These community partnerships with restaurants and retailers are wonderful opportunities to give consumers a delicious reason to open their mouths, hearts, purses, and wallets in supporting our communities of children. On the back label of every packaged Better Detroit Brownie is a QR code that connects these customers to the regional youth resource map that still needs to be refined and repopulated as too many youth-serving individuals and groups did not survive the pandemic.
We also engage the Greater Detroit business community to support a collective responsibility we should all share with a “Brownies For Our Children” initiative. Partnering businesses commit to the purchase of a brownie tray on a regular, recurring basis every 30 to 180 days, as a delicious gift for employees, customers/clients, and/or family and friends.
A key to success is scaling production to meet demand. So we are now working with middle and high school students to enrich them with personal development, emotional social learning, business technology, digital marketing, social entrepreneurship, and culinary skills. Some will intern to learn and lead various functions of The Better Detroit Brownie Company. Teen engagement strategies are vital as we can only enrich youth we first effectively engage. Better engagement taps into the interests of most young people today: sports, music, fashion, video games/technology, and entrepreneurship.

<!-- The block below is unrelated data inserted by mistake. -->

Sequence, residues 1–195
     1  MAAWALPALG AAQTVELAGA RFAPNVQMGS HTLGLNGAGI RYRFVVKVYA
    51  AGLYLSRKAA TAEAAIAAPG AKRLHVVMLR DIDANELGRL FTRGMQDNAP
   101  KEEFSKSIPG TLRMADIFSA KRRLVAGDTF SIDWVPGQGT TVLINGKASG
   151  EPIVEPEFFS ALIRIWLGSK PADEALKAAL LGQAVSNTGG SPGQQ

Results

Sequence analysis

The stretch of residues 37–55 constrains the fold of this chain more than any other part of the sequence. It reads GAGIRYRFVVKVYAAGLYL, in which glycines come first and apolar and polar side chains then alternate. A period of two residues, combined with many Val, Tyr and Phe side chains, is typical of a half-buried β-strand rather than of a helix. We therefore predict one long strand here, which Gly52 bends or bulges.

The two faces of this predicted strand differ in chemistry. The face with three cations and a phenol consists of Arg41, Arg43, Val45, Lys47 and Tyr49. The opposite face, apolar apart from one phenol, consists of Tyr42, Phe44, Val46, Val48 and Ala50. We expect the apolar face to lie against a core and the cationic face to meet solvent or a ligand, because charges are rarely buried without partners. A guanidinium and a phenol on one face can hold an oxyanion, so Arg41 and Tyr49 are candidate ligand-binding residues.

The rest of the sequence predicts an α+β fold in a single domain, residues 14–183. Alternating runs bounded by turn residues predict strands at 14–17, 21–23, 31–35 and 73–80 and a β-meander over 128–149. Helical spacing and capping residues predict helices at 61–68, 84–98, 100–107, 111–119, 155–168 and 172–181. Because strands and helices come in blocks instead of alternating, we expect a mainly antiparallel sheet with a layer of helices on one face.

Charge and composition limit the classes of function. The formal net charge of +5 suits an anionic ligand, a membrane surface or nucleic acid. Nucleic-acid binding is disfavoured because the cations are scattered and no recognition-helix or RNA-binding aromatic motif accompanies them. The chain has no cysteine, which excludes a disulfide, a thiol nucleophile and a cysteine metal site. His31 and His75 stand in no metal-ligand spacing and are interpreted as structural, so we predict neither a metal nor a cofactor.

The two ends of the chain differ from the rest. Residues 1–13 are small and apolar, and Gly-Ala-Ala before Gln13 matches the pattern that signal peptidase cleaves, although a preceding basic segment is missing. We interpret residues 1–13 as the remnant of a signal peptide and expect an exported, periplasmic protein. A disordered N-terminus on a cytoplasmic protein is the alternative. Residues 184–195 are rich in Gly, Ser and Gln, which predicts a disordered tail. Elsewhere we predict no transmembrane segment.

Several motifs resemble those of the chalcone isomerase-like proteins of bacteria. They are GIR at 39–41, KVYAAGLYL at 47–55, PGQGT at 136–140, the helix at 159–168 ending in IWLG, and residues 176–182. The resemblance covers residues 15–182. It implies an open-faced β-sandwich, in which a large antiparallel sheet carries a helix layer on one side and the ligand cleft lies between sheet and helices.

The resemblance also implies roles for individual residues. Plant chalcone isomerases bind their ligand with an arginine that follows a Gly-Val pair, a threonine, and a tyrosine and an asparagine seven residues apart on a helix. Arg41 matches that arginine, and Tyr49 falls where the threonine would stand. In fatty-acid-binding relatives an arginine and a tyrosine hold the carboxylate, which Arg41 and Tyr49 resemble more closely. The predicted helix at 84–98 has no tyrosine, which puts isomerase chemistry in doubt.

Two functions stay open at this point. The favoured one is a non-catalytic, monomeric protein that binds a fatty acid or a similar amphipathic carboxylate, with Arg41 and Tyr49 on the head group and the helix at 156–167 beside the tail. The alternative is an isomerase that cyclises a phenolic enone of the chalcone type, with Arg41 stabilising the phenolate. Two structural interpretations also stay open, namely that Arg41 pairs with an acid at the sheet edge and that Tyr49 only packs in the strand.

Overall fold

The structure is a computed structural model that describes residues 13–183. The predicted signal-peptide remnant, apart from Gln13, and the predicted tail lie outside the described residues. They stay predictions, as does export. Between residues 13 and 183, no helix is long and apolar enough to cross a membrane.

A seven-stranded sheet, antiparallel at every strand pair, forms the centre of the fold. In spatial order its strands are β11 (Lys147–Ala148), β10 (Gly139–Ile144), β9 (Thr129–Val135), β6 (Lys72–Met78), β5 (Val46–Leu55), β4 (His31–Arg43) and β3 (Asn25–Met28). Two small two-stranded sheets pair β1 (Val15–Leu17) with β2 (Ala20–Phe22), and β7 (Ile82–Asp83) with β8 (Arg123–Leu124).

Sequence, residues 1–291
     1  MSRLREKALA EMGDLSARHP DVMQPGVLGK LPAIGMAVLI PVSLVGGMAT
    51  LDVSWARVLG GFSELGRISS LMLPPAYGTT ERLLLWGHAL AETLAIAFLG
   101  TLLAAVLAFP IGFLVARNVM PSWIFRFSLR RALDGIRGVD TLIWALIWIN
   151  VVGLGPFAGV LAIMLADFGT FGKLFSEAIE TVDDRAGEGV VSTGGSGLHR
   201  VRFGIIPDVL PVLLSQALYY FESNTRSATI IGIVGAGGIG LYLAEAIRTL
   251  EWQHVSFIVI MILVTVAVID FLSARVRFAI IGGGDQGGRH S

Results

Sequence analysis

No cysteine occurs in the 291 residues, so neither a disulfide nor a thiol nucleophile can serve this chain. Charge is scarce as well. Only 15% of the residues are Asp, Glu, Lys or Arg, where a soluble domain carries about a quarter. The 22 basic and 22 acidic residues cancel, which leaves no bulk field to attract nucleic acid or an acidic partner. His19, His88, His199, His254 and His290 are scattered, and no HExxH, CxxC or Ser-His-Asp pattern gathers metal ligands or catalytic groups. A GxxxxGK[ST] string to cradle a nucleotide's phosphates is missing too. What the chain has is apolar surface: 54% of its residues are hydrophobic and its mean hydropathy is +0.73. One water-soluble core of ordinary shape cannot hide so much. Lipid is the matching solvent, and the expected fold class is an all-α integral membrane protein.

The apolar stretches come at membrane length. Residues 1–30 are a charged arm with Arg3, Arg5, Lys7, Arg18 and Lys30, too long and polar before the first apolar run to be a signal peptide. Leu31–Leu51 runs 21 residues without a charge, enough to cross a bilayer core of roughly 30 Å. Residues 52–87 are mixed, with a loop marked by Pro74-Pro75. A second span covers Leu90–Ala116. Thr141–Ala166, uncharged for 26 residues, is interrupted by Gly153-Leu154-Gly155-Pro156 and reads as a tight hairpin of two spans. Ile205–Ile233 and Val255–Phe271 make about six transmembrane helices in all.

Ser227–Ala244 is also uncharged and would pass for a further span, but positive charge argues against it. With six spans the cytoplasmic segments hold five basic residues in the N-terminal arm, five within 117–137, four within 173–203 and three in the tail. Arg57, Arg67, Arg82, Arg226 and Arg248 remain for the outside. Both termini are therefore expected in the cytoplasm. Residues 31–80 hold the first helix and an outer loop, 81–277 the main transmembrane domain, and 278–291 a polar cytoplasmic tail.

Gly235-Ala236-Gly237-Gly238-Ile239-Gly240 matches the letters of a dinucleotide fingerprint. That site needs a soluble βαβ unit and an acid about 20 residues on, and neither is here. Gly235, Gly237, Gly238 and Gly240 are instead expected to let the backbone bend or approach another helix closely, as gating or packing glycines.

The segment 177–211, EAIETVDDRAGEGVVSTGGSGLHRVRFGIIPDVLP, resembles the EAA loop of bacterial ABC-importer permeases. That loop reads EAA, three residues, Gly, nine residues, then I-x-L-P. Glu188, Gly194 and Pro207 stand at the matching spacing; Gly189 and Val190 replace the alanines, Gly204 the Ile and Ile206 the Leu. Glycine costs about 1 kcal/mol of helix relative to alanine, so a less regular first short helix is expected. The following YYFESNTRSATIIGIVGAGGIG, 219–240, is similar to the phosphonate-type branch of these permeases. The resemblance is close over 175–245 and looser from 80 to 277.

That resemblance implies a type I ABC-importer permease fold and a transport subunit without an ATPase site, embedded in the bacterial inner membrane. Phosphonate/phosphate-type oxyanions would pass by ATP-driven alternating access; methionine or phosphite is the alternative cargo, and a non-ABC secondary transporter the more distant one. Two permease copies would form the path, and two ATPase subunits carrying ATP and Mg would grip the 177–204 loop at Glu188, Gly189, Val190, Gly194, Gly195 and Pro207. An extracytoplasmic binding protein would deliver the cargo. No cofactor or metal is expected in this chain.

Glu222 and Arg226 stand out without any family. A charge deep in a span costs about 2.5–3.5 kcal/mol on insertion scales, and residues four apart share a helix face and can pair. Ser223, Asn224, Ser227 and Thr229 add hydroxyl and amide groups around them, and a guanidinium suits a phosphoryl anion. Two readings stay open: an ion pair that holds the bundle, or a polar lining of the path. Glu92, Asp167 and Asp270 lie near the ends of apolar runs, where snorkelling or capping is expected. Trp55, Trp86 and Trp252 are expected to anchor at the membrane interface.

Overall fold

Most young people covet something positive and productive to take part in, and this is a powerful opportunity for them to make money and give back to others as they grow. My twelve-year-old JaJa made $115 in less than an hour selling brownies. She kept $65 and donated $50 to the BDYM. She now knows she’s here to help others, and has a way she can. Our vision is to create a new (teen)age of social entrepreneurs and transition to a “for youth / by youth,” employee-owned social enterprise led by teenagers and young adults.
Since the pandemic and moving forward, The BDYM is pivoting its energies to support existing youth resources rather than resurfacing as another youth group. Our current mission is to 1) generate more awareness of and support for the wonderful works of youth-serving individuals and organizations; 2) connect more children and families to youth programs and events so more children succeed in school and thrive in life; and, 3) leverage the value and power of a more robust, cohesive, informed and collaborative youth-serving region.
The Better Detroit Brownie Company “fun-raiser” program is an effective way for youth-serving resources to raise funds, and it introduces youth to the values of social entrepreneurship as they earn money, and learn about business technology and digital marketing in support of a worthy cause.
We’ll soon be launching a monthly e-newsletter called “FOR GREATER DETROIT CHILDREN”, to highlight the wide world of youth resources available so more children, primarily teens, can be connected to people and places that can help them succeed in school and thrive in life.
I believe all most children need are caring adults who want to help them succeed. I also believe most adults have something of value to contribute to children, and that many are willing to invest in their success if they are just shown how. In this troubled world and these tenuous times, our children need us more than ever before.
Please consider ways you can support our efforts and/or partner with us as we strive to make (and bake) a Greater Detroit our children deserve.
To learn more about the Better Detroit Brownie Company and support their mission visit; https://betterdetroitbrownies.com/